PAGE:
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When it comes to accessorizing your weapon, one of the biggest decisions is what optic to use. In this case, the biggest differences between a red dot sight and holographic sights fall into 3 main categories: Technology used, pros and cons, and what you need it for.
Internal components don’t matter in the heat of battle, so here are the practical technological differences between the two sights:
With Every Pro, There’s a Con
No list is complete without pros and cons, but the pros of the holographic sight seem to be better than its cons or the red dots’ pros.
For accuracy and quick firing, you want to avoid parallax. Red dot sights are stationary, so you have to be at the exact same spot every time or you’ll have to adjust, whereas holographic sights don’t have that problem.
Because of the MOA reticle and the fact that the reticle retains size with magnification, holographic sights allow for better accuracy and precision. Red dots grow with the magnification with only the dot or whatever shape you choose to go off of.
Another big difference is the field of view, because holographic sights give better peripheral vision outside of the optic and a wider picture. The tube of red dots can create tunnel vision and blur out your peripherals, which may not matter to you.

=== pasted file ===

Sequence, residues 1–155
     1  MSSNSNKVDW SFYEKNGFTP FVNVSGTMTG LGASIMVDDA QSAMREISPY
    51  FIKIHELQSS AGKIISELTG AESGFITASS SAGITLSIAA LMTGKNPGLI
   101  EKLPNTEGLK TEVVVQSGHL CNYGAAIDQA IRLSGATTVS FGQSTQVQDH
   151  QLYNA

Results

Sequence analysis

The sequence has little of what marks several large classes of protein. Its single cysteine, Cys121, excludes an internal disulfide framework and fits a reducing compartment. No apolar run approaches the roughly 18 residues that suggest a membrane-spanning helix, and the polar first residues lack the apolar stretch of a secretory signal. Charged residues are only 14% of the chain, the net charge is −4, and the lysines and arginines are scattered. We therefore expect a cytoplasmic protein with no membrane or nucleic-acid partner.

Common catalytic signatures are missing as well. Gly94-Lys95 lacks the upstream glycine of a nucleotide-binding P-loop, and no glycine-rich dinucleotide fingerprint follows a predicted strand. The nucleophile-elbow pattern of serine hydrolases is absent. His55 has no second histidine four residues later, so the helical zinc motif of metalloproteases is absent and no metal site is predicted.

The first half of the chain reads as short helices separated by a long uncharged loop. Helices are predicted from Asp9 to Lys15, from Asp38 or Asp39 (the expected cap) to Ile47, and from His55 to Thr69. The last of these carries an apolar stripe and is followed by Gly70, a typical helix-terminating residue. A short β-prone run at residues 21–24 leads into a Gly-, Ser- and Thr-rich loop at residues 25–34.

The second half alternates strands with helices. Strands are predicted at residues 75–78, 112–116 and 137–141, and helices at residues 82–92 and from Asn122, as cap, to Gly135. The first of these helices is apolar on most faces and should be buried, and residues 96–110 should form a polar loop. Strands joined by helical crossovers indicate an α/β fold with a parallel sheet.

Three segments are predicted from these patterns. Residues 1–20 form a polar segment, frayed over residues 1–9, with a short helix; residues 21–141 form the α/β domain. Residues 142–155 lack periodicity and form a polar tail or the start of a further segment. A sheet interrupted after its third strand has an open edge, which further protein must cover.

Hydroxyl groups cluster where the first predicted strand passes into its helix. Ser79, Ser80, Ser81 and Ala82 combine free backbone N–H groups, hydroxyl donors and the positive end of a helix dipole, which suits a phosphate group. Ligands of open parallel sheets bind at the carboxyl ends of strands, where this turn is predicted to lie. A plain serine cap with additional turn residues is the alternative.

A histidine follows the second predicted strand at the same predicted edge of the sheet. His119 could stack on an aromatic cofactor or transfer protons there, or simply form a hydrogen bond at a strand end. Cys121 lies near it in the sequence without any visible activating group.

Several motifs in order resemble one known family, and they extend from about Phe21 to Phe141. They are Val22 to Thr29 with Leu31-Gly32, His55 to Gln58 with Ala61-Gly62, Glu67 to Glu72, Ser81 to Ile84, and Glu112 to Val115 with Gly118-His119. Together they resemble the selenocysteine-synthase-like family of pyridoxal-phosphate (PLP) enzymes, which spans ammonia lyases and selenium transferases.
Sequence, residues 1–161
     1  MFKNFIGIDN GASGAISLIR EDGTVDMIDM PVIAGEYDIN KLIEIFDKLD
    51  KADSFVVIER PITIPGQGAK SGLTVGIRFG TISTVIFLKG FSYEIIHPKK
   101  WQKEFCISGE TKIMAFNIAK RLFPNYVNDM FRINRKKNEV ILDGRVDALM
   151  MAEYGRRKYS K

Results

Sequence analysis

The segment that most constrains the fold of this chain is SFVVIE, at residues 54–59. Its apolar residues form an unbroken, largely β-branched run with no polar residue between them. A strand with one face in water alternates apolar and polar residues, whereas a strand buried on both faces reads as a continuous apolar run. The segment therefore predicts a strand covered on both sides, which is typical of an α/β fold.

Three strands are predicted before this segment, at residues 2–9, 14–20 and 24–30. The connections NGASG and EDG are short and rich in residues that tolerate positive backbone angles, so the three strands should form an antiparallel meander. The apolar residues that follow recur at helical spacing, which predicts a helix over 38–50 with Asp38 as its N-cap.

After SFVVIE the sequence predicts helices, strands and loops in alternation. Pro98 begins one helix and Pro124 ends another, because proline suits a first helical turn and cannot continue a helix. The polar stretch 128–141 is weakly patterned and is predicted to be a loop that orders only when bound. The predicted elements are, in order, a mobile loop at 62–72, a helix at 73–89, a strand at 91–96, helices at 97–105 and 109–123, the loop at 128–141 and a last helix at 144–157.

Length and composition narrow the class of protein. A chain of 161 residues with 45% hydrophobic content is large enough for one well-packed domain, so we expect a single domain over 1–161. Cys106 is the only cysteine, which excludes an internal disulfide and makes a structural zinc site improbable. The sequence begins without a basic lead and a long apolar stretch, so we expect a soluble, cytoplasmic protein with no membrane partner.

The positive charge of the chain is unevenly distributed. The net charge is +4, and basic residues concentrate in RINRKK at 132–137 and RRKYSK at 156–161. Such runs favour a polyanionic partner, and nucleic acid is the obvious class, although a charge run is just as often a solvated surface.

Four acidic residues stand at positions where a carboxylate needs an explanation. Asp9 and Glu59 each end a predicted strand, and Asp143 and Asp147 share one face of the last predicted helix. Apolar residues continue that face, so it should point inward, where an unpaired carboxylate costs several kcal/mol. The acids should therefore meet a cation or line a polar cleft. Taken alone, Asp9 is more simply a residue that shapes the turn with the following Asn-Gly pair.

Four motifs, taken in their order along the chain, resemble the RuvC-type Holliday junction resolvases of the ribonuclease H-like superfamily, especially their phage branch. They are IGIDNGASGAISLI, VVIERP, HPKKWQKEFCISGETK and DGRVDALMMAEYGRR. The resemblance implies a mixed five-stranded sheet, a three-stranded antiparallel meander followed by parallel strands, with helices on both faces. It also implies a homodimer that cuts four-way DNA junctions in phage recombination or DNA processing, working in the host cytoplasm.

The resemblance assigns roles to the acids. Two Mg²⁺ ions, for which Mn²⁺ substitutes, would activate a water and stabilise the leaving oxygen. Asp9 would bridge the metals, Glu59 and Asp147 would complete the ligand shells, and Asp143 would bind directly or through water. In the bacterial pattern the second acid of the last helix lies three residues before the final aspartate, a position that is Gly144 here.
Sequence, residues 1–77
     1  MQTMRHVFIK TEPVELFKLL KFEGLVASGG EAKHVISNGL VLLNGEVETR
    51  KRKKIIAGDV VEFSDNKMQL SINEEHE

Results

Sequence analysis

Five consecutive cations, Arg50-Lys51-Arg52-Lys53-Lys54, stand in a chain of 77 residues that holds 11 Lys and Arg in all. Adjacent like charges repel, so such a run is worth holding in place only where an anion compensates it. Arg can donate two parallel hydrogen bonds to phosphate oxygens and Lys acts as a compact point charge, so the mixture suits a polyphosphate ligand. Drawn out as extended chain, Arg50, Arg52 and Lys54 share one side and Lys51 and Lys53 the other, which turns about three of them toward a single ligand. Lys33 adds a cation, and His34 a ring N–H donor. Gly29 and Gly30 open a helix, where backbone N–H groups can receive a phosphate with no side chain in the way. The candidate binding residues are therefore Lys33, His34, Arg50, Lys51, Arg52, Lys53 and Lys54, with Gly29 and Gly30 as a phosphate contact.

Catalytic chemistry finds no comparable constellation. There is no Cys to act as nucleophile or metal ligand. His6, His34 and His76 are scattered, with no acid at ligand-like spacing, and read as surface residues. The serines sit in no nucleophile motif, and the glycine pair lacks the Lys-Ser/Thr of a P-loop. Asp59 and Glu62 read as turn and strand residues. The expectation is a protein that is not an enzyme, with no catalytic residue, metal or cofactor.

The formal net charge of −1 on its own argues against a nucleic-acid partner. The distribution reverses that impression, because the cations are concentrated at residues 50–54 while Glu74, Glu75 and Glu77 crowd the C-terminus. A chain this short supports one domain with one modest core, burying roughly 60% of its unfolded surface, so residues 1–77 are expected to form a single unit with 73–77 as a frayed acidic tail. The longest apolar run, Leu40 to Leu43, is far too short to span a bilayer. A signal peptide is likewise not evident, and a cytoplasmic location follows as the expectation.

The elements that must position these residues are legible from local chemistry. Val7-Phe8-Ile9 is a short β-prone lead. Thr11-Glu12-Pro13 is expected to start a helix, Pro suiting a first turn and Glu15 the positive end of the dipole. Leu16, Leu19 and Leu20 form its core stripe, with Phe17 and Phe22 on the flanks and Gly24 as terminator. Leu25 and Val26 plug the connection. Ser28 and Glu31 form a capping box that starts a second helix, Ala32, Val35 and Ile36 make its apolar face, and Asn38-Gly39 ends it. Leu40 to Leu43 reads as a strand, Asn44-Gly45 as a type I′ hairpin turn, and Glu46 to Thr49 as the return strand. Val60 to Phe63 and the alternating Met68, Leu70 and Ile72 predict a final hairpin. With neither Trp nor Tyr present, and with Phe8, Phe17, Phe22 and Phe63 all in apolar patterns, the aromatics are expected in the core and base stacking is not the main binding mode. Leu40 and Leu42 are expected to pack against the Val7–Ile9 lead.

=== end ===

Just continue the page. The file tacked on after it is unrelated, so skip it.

Size and Lasting Power
The biggest advantage that red dot sights have going for them is their sustainability. The battery of a red dot sight can last for thousands of hours without being shut off. It also takes up less space, so the sight is actually smaller on your weapon.
Because of the more-powerful reticle and the amount of working components inside a holographic sight, they drain a lot faster and have to be bigger. You can draw out the power by shutting off the sight when not in use, though.
Pick With a Purpose
While many weapon-related decisions boil down to preference, your choice between red dot and holographic sights may depend on what you plan to use it for.
Red dot sights are smaller and have a smaller reticle that won’t hinder visuals, so they’re usually better on pistols and used for competitions. They’re also good on sub-machine guns, but the lack of precision and range makes them ill-suited for rifles.
The field of view and peripheral freedom given by holographic sights makes them perfect for close-quarters or having to watch for multiple targets. Because of their fast acquisition, they can be very useful in target shooting but the reticle is more extravagant.
However, due to the MOA reticle a holographic sight can be accurate at 2- or 300 yards. The bulky sight isn’t ideal for a handgun, but the range and number of uses makes a holographic sight great for medium-to-long distance shooting with a submachine-gun or a rifle like the AR-15.
There you have it! When you’re considering a holographic or red dot sight, ask yourself what conditions you’ll be shooting under, what sight picture you’ll need, and how long you want the sight to last.
You can use the technological specifications as a sort of checklist if you really need to narrow it down. One important note is that more recent holographic sights combine the best of both worlds with a heftier price, but this way you can get what you set your sights on!
Richard Douglas writes on firearms, defense and security issues. He is the founder and editor of Scopes Field, and a columnist at The National Interest, 1945, Daily Caller and other publications.